The grammaticalization of lexical items
in pidgin/creole genesis
ANTHONY J. NARO
Universidade Federal do Rio de Janeiro
There are many possible scenarios for the beginnings of pidgin/creole
genesis, but they all have in common a need to communicate in a situation in
which there is no common language among the people involved. The situation
can be momentaneous or sporadic, such as contact between Norwegian and
Russian fishermen in the North Sea in the last century, or it can be drawn out and
continuous, such as contact in Portugal between the Portuguese and African
slaves brought directly from the African coast by the first exploratory expeditions
beginning in the mid 15th century.
In most of these situations one of the groups involved is socially and
economically dominant. In the initial period of European overseas expansion, as
well as during the occupation of the Americas and the colonial era, for example,
the Europeans were the masters and overlords, imposing their will on everyone
else. When we consider the linguistic state of affairs that took hold overseas, we
see that the Europeans did manage to impose their own vocabulary, or set of
lexical items. In fact, the lexicons of most modern day pidgin/creole languages,
from the Caribbean to the Indian Ocean, are composed of more than 90% of
items directly traceable to European languages. For this reason, the language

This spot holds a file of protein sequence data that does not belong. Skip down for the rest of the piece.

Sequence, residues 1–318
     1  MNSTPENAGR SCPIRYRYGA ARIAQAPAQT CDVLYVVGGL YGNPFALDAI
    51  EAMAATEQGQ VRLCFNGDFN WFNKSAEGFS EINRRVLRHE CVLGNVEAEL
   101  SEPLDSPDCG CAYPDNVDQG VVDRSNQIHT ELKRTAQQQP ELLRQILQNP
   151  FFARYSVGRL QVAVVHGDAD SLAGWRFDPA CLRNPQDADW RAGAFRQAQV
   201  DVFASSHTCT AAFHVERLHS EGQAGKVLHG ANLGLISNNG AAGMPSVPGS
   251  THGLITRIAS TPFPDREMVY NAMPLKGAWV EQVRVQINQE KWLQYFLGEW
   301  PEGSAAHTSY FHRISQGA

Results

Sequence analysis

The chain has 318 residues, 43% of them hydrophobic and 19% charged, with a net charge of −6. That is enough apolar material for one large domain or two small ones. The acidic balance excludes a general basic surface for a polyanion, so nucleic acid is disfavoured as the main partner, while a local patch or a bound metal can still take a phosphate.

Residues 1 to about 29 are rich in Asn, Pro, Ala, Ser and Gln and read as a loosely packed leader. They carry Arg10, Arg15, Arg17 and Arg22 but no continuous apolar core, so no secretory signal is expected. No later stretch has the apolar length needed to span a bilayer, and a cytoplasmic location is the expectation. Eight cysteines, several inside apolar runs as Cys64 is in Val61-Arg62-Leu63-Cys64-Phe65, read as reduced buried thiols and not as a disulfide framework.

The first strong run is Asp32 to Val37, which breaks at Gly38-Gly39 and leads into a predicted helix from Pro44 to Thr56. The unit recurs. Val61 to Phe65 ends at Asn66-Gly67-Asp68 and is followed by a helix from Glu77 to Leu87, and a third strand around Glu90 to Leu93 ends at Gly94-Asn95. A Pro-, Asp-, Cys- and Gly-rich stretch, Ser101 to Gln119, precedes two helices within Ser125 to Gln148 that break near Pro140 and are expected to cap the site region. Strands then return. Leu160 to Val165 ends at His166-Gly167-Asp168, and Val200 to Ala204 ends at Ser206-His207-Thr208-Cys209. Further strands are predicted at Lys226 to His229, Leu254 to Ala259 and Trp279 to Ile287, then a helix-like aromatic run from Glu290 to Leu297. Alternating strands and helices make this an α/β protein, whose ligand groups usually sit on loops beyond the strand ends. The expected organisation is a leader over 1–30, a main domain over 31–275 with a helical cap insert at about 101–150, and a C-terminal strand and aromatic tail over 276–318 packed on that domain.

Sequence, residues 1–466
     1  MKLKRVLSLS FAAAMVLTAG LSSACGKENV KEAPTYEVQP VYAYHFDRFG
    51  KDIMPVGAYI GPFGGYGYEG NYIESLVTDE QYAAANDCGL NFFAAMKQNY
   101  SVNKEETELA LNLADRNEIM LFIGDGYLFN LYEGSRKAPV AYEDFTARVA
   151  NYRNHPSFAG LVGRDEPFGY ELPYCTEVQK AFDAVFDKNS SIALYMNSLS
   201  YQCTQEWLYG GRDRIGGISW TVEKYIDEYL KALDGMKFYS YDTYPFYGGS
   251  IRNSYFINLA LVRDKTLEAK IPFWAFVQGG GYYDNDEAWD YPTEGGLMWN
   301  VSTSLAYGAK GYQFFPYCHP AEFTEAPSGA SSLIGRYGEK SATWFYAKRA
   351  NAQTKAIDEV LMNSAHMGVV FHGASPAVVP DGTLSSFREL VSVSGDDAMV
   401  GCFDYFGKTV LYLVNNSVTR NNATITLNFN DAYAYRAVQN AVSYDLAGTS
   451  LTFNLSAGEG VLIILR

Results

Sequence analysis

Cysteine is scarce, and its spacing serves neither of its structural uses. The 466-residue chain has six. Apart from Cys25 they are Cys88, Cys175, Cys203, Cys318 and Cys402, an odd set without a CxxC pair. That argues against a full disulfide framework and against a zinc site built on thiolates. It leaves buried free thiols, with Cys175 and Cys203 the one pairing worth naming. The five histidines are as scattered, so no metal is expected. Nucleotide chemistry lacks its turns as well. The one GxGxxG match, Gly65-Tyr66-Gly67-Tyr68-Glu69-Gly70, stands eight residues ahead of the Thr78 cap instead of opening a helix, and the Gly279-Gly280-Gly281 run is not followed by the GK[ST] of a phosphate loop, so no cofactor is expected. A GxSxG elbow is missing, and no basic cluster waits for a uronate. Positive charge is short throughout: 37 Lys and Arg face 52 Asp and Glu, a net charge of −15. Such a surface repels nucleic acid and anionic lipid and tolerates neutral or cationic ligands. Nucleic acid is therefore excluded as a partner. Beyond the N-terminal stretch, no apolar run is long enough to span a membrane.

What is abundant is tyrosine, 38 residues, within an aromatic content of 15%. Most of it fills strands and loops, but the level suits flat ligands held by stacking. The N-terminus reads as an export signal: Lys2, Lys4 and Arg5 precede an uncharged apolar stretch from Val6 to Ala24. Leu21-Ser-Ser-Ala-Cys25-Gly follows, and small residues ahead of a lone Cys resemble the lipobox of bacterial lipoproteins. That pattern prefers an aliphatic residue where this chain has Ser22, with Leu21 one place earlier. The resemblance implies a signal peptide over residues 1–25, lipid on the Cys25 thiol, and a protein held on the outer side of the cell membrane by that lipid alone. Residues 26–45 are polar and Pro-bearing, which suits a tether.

spoken in Haiti, for example, is called Creole French and is sometimes classified
as a French dialect, simplified French, bastardized French, or with other similar
It is a well known fact that the syntax and semantics of the pidgin and
creole languages do not bear the same degree of similarity to the European
languages that is so apparent in the case of the lexicon. But the lexicon too, of
necessity, underwent drastic changes. For one thing, in the first stages of contact,
when neither side knew anything of the other's language, the lexicon was vastly
reduced in terms of the number of items used. Even as contact progressed, the
range of social contexts in which the contact language was used were usually
quite limited. For example, although China Pidgin English existed for many
decades, its use was limited mainly to trade, and its total vocabulary probably
never exceeded seven to eight hundred items.
In most areas, the language that resulted from contact was appropriated by
those from the socially inferior side. This was necessary because, for diverse
reasons, these people had no language in common among themselves. In the
Americas, for example, slaves were brought from vast areas of the African
38 The grammaticalization of lexical items in pidgin/creole genesis